Roger Ailes biographer and New York magazine writer Gabriel Sherman is reporting statements from six more women detailing alleged sexual harassment by Ailes.
Earlier this week, former Fox News host Gretchen Carlson filed a lawsuit in civil court in New Jersey accusing Ailes of repeatedly sexually harassing her, dismissing her complaints about sexism from colleagues, and firing her after she rejected his sexual advances. The Fox News CEO has a long reported history of sexism and harassment, both during and before his time at the network, much of which is detailed in Sherman’s 2014 book, The Loudest Voice in the Room.
In a July 9 article at New York, Sherman prints statements from six more women accusing Ailes of harassment. According to Sherman, “more than a dozen women have contacted Carlson’s New Jersey-based attorney, Nancy Erika Smith, and made detailed allegations of sexual harassment by Ailes over a 25-year period dating back to the 1960s when he was a producer on The Mike Douglas Show.” Sherman spoke to two women on the record and an additional four who “requested anonymity for reasons that include shame and fear of retribution.”
The stories include one from former Republican National Committee field adviser Kellie Boyle, who says Ailes solicited sexual favors after meeting her for dinner in 1989 when she was in Washington, DC, to “sign a major contract with the National Republican Congressional Committee.” Ailes allegedly told her, “You know if you want to play with the big boys, you have to lay with the big boys.” She continues:
I was so taken aback. I said, ‘Gosh I didn’t know that. How would that work?’ I was trying to kill time because I didn’t know if he was going to attack me. I was just talking until I could get out of the car. He said, ‘That’s the way it works,’ and he started naming other women he’s had. He said that’s how all these men in media and politics work — everyone’s got their friend. I said, ‘Would I have to be friends with anybody else?’ And he said, ‘Well you might have to give a blowjob every once in a while.’ I told him I was going to have to think about this. He said, ‘No, if you don’t do it now, you know that means you won’t.’ The next morning I show up to get my assignment and was told the guy I was supposed to be meeting with was unavailable. Back in New Jersey I got a call from Roger Ailes. He said, ‘How’d your meeting go?’ I said, ‘Actually he wasn’t available and I’m hoping to hear back from him.’ He said, ‘Ah, well, I’m sure you will. Have you changed your mind yet?’ I said, ‘I’ll have to pass, Roger. I’m married and really committed to my husband. No offense.’ He said, ‘Well, we’ll be in touch.’ And that was that. A couple weeks later, I called a friend who was very high up in the RNC and I asked him what happened. He said, ‘Word went out you weren’t to be hired.’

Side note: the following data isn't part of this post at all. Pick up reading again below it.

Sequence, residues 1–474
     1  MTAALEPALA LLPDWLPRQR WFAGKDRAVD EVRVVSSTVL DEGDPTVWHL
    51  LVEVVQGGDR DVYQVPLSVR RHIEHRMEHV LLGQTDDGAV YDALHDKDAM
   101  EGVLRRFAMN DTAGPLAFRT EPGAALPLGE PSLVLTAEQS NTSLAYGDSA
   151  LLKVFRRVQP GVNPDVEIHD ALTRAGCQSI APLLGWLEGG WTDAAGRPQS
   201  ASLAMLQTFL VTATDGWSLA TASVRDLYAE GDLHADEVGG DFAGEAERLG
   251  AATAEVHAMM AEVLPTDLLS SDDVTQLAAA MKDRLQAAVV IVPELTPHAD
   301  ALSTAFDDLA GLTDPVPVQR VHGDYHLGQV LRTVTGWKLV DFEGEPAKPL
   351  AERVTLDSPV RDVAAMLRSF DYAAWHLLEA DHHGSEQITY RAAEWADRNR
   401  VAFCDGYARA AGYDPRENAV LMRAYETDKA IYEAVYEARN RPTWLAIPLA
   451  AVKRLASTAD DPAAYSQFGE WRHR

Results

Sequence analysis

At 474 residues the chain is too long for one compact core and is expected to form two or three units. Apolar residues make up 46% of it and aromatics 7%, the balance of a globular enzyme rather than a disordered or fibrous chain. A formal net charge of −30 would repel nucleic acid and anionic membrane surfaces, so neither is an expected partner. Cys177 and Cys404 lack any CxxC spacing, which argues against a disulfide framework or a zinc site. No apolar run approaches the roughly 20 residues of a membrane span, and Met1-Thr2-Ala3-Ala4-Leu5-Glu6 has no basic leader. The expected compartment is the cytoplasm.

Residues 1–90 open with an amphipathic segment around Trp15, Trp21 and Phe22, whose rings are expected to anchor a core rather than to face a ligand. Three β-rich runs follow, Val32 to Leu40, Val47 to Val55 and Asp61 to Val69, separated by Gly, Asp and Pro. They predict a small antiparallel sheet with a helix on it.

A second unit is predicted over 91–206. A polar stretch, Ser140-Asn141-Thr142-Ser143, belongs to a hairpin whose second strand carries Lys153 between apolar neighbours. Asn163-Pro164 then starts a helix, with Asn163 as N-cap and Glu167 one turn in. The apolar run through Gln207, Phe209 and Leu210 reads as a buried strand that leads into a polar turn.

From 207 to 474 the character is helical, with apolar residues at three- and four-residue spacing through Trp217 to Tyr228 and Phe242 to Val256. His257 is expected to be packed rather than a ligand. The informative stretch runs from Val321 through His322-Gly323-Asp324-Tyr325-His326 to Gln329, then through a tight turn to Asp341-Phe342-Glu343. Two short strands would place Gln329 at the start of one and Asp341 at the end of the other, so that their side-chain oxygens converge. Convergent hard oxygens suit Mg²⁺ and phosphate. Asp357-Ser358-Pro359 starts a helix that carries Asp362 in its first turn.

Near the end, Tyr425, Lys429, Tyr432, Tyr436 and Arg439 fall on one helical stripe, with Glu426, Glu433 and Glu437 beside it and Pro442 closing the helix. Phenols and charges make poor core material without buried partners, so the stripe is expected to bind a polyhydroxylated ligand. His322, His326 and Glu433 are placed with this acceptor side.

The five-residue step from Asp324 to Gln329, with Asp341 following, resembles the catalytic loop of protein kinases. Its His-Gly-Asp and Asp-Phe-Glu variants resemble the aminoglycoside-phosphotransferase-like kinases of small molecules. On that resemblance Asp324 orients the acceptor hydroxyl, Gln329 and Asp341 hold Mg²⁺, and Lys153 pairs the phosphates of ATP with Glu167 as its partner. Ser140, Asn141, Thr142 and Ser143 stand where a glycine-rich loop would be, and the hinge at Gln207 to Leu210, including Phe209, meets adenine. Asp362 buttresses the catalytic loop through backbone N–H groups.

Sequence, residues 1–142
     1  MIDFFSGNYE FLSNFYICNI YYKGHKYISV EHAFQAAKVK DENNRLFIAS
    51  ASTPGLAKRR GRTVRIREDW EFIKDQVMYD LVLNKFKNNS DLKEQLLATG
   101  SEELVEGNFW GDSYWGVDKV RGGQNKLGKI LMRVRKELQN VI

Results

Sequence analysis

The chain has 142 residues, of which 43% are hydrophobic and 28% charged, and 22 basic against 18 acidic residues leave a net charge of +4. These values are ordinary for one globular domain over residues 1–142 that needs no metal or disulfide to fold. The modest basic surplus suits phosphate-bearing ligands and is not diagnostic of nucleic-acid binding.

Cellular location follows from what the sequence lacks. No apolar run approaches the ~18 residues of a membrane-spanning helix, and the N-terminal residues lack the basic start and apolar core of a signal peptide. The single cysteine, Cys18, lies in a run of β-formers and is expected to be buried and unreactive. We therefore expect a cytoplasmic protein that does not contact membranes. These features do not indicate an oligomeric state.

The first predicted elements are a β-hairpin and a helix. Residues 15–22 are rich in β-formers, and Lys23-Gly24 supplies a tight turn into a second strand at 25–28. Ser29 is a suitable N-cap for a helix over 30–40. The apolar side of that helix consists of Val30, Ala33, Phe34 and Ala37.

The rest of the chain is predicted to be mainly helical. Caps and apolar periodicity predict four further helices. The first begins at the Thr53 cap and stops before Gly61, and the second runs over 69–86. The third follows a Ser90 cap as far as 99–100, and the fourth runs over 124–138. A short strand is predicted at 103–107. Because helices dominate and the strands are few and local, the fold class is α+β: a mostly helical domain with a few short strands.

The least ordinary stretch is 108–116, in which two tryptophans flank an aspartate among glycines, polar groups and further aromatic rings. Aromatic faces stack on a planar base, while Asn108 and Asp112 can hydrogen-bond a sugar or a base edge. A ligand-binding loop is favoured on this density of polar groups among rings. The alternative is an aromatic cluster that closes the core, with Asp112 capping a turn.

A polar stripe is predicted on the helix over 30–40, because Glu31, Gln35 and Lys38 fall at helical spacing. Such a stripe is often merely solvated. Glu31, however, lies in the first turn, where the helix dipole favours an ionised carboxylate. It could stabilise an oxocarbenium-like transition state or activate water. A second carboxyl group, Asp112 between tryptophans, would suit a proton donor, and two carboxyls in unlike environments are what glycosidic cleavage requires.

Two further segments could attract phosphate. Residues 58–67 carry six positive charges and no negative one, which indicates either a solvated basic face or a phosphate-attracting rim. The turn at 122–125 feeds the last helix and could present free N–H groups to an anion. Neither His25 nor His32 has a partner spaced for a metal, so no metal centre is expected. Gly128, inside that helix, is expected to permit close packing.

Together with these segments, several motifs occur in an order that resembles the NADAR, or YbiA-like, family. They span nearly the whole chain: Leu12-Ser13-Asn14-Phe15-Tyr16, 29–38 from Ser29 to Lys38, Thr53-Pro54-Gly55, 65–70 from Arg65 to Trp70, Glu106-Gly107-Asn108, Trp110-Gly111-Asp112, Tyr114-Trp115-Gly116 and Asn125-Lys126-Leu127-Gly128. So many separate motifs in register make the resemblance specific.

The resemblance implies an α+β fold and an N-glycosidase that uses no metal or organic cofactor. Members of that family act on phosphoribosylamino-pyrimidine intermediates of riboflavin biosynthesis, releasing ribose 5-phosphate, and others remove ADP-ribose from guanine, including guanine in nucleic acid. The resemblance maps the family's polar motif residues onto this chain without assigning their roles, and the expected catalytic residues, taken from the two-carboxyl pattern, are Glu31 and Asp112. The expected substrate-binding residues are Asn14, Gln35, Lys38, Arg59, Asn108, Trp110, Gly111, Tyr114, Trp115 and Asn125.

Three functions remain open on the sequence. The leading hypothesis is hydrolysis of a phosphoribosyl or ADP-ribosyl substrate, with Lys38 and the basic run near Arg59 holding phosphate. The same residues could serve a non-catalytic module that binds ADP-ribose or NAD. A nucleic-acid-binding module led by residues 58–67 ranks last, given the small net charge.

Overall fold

Another woman claims that when she was 16 and went for a walk-on part on The Mike Douglas Show in 1967, Ailes locked her in his office and “proceeded to pull down his pants and very gingerly pull out his genitals and said, ‘Kiss them.’” He then allegedly chased her around the room before getting angry and giving up, and finally “rushed over to his desk, pulled open a door and had a reel-to-reel tape recorder going. He said to me, ‘Don’t tell anybody about this. I’ve got it all on tape.’ I think he knew I was sixteen.”
You can read the full statements from the six women at New York.
On Friday, Ailes’ lawyers filed a motion “arguing that the sexual harassment lawsuit … should be moved from a New Jersey Superior Court into federal court and submitted for arbitration,” claiming the suit was a breach of Carlson’s contract. According to The New York Times, “Ms. Carlson’s lawyers said Mr. Ailes was trying to force the case into a secret proceeding, and away from the public spotlight of a trial.”